The Hedgeweek Interview: Mark Tinker, global portfolio manager, Axa Framlington Absolute Return Gemini Worldview: "The economic impact of the woes in western credit markets has been wildly overplayed"
Mark Tinker, manager of the Axa Framlington Absolute Return Gemini Worldview fund, sees long-term growth opportunities in Asia both in the building of physical infrastructure and in the emergence of a financial services infrastructure.
HW: What is the background to your company?
MT: Axa Framlington manages a small suite of three long/short equity funds. Each fund has an absolute return focus and has been designed to maximise potential returns from the proven skill-set of the individual fund manager.
Our oldest fund, Framlington Absolute Return UK Fund, was launched in December 2004 and is a multi-cap UK fund managed on a broadly market neutral basis by George Luckraft. In February 2006, a UK small-cap fund (Axa Framlington Absolute Return UK Smaller Companies) was added to the product range, in which Roger Whiteoak takes a more directional approach. My fund, the Axa Framlington Absolute Return Gemini Worldview fund, is a thematically-driven global fund and our latest offering, launching earlier this year.
HW: Who are your service providers?
MT: The fund's administrator is PFPC International, the prime brokers are Goldman Sachs and UBS, and the legal adviser is Dechert.
HW: How and where do you distribute the funds? What is the profile of your current and targeted client base?
MT: We believe that a global unconstrained equity fund is currently of interest to a wide number of investors including fund of fund groups, family offices, private banks and institutional clients. The Gemini Worldview fund is an unregulated collective investment scheme, domiciled in the Cayman Islands and listed on the Irish Stock Exchange. The current assets are the initial seed monies.
HW: What is the investment process of your fund?
MT:The fund is an unconstrained global equity long/short fund, driven by my thematic views. The fund is not bound by geographic or sectoral limits, aiming for optimal stock selection to reflect the chosen themes.
The process starts with a top-down analysis, aiming to identify a number of key themes driven by developing global trends. These thematic ideas drive the stock selection, as the optimal stock mix is selected to fit the theme. The portfolio is constructed with 12 to 15 high-conviction themes implemented in a diversified equity portfolio.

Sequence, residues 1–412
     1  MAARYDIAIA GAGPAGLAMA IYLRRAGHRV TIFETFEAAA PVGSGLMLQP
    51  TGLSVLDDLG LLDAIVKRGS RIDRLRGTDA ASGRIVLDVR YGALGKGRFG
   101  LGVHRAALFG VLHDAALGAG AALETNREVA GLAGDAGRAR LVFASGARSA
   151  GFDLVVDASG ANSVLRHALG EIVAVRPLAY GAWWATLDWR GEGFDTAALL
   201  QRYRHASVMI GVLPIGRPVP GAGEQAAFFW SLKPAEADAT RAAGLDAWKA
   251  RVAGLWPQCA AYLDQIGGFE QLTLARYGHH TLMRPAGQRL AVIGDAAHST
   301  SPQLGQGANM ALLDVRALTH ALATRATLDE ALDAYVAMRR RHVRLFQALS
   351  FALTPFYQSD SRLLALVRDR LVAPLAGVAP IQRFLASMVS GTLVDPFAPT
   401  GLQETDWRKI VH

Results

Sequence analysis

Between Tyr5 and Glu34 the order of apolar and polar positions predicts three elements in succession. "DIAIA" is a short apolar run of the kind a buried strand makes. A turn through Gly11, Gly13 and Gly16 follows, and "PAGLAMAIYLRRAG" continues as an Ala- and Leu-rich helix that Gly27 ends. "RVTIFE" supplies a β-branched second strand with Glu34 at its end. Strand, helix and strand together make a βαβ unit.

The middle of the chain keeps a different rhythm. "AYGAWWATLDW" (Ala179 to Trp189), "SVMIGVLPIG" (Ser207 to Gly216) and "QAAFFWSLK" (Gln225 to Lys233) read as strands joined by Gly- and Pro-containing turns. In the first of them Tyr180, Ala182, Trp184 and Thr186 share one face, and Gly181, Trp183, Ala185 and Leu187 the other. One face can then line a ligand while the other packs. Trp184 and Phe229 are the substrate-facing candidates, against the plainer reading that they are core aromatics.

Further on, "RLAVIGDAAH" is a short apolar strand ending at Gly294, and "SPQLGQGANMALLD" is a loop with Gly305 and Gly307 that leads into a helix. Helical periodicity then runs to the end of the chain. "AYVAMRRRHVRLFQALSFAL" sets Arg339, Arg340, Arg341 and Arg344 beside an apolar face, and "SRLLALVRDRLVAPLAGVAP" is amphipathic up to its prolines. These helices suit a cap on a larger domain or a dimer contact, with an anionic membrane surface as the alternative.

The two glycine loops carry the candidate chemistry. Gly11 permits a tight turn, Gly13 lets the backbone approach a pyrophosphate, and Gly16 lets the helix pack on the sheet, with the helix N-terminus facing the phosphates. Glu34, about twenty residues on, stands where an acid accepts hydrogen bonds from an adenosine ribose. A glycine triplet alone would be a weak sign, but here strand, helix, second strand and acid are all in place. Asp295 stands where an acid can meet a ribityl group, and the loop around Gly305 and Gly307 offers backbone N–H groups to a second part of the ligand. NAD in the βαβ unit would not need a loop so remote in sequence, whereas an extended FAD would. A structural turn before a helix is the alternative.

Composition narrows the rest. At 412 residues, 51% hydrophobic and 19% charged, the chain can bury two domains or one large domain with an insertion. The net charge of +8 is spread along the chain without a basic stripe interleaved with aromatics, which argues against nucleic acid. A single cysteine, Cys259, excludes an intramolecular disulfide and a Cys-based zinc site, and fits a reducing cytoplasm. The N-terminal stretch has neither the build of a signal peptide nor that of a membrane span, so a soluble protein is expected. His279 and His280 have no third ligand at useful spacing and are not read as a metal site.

The stock selection is compiled using in-house company analysis and meetings, ideas generated from the wider Axa Framlington fund management team, and valuation/screening tools. The fund is a value buyer of hedging, looking to protect the tail risk in the portfolio.
HW: How do you generate ideas for your funds?
MT: In searching for excess returns, I use a 'balance sheet approach' in which the four key balance sheets - household, government, corporate and financial - are analysed. These are assessed globally and in reference to the four major economic blocks, the US, Europe, Japan and Asia, out of which themes are identified. Stocks used as the transmission mechanisms through which the themes are implemented are then selected though a strong bottom-up framework.
HW: What is your approach to managing risk?
MT: At a macro level, I try to access what I consider to be the tail risks of the portfolio and then aim to hedge out some of those potential impacts. Risk management is an important consideration in the funds' construction and is managed through a combination of top-down and bottom-up approaches.
From the bottom up, using both external and internally-developed risk models, the team will assess the risk of the fund. Correlations between each stock will be analysed, enabling the team to identify concentrations of risk in themes, sectors, markets and individual positions and ensure that these are consistent with our convictions.
HW: Has your performance been as per budget and expectations?
MT: Performance is ahead of our expectations, and despite the fund launching in a difficult and volatile market environment it has managed to achieve a euro-based return of 16.41 per cent in the six months to the end of October. Throughout much of this period the fund has remained net long (between 50 and 100 per cent), which makes the achievement even more notable.